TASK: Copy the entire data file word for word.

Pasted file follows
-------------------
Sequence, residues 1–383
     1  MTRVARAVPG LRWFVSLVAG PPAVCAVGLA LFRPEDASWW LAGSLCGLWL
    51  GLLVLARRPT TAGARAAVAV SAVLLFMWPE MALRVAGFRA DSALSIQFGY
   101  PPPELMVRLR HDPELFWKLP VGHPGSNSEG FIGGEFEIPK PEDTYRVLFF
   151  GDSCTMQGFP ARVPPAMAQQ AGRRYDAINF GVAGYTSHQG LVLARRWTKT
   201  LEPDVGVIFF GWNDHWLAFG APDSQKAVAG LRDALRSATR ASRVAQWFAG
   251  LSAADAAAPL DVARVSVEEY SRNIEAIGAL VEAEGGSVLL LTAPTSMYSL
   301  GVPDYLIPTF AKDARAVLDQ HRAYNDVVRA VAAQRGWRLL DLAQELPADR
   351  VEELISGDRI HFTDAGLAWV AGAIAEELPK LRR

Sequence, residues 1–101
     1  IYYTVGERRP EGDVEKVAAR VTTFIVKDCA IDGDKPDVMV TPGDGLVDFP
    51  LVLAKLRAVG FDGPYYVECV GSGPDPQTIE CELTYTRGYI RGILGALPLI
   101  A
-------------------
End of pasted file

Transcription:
Sequence, residues 1–383
     1  MTRVARAVPG LRWFVSLVAG PPAVCAVGLA LFRPEDASWW LAGSLCGLWL
    51  GLLVLARRPT TAGARAAVAV SAVLLFMWPE MALRVAGFRA DSALSIQFGY
   101  PPPELMVRLR HDPELFWKLP VGHPGSNSEG FIGGEFEIPK PEDTYRVLFF
   151  GDSCTMQGFP ARVPPAMAQQ AGRRYDAINF GVAGYTSHQG LVLARRWTKT
   201  LEPDVGVIFF GWNDHWLAFG APDSQKAVAG LRDALRSATR ASRVAQWFAG
   251  LSAADAAAPL DVARVSVEEY SRNIEAIGAL VEAEGGSVLL LTAPTSMYSL
   301  GVPDYLIPTF AKDARAVLDQ HRAYNDVVRA VAAQRGWRLL DLAQELPADR
   351  VEELISGDRI HFTDAGLAWV AGAIAEELPK LRR

Sequence, residues 1–101
     1  IYYTVGERRP EGDVEKVAAR VTTFIVKDCA IDGDKPDVMV TPGDGLVDFP
    51  LVLAKLRAVG FDGPYYVECV GSGPDPQTIE CELTYTRGYI RGILGALPLI
   101  A